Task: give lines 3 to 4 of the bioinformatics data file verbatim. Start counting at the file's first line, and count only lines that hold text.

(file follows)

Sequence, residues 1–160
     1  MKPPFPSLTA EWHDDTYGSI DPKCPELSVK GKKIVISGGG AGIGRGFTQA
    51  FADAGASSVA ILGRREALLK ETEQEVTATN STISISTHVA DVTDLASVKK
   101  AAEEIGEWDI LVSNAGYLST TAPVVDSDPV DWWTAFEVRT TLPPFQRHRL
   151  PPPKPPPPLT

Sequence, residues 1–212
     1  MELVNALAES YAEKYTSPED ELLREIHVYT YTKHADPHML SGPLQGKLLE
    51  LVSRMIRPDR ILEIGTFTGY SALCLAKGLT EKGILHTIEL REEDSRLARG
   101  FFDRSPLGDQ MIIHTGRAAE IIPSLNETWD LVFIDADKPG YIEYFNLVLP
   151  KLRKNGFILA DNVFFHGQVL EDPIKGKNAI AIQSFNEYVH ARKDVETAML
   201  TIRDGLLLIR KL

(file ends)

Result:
    51  FADAGASSVA ILGRREALLK ETEQEVTATN STISISTHVA DVTDLASVKK
   101  AAEEIGEWDI LVSNAGYLST TAPVVDSDPV DWWTAFEVRT TLPPFQRHRL